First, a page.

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  • Jul 26, 2014
  • Updated: 4:53pm
CommentInsight & Opinion
LEADER

Hong Kong needs to make hard choices on population policy

PUBLISHED : Saturday, 26 October, 2013, 12:21am
UPDATED : Saturday, 26 October, 2013, 12:21am

Not for the first time, the public has been asked to put on its thinking cap for a population policy. What sets the latest consultation apart from previous ones is its breadth and depth. From low fertility rates to an ageing society, from labour importation to upward social mobility, from cross-border integration to recruiting overseas talent, the government has rightly challenged the community to work together to make Hong Kong a better place for all.

The "urgent need" for a comprehensive policy was raised as early as 2002. There has been no shortage of analyses and proposals since then. Leung Chun-ying is the third chief executive to broach the subject. Population is understandably a complex issue. Changing demographics and socio-economic circumstances mean Hong Kong cannot afford to stand still. New challenges require new strategies. The release of the consultation after a year-long study is to be welcomed.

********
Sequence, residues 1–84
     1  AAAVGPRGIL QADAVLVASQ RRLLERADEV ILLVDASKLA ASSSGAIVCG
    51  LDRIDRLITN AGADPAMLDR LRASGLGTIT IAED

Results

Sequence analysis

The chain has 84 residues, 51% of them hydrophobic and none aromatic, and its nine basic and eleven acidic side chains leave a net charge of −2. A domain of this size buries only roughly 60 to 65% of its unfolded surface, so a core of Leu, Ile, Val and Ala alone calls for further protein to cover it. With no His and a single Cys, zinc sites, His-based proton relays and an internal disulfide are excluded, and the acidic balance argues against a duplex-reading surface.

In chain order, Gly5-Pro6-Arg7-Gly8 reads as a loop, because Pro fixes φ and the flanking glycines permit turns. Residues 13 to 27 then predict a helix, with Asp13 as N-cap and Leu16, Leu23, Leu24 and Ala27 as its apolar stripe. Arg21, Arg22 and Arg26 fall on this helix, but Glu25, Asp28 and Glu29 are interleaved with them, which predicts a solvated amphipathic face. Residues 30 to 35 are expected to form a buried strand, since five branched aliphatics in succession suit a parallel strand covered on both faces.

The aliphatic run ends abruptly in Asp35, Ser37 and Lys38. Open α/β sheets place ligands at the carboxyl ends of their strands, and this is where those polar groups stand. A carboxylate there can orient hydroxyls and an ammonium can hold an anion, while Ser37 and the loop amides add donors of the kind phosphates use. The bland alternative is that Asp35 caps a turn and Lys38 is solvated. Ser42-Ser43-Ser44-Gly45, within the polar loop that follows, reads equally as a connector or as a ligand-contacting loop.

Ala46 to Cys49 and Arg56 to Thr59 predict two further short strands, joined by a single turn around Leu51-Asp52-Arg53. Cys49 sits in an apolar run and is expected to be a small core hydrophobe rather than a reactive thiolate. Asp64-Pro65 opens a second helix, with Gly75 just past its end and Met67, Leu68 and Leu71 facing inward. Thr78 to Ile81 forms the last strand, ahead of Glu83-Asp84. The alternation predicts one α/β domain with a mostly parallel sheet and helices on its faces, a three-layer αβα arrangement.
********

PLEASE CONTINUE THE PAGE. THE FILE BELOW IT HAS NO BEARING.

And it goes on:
The new mission statement by the government task force is commendable. It underlines the need to nurture a population that drives Hong Kong's development as Asia's world city, without losing sight of the importance of building an inclusive society that enables people to realise their potential. But it will take more than inspiring goals to rise to the challenge. Ultimately, specific solutions are needed.

The steering committee on population policy stopped short of dwelling on specific measures at this stage. Instead, it outlined the challenges ahead along with dozens of questions. For example, life expectancy is expected to rise while the birth rate dips further. By 2041, about one-third of the population will be elderly, which means two adults will have to support one elderly person, compared with 10 supporting one three decades ago. The implications for the economy and public finances cannot be ignored.

The issues raised are nothing new, but they are valid ones, such as the need to replenish the workforce by importing overseas labour. This is worthy of support as long as the interests of local workers are not undermined. Options like encouraging housewives and retirees to re-enter the workforce are also worth considering.

Our future will be shaped by how well these challenges are tackled, and we should not shy away from making hard choices. The government should demonstrate a stronger political will and greater sense of urgency in delivering answers.

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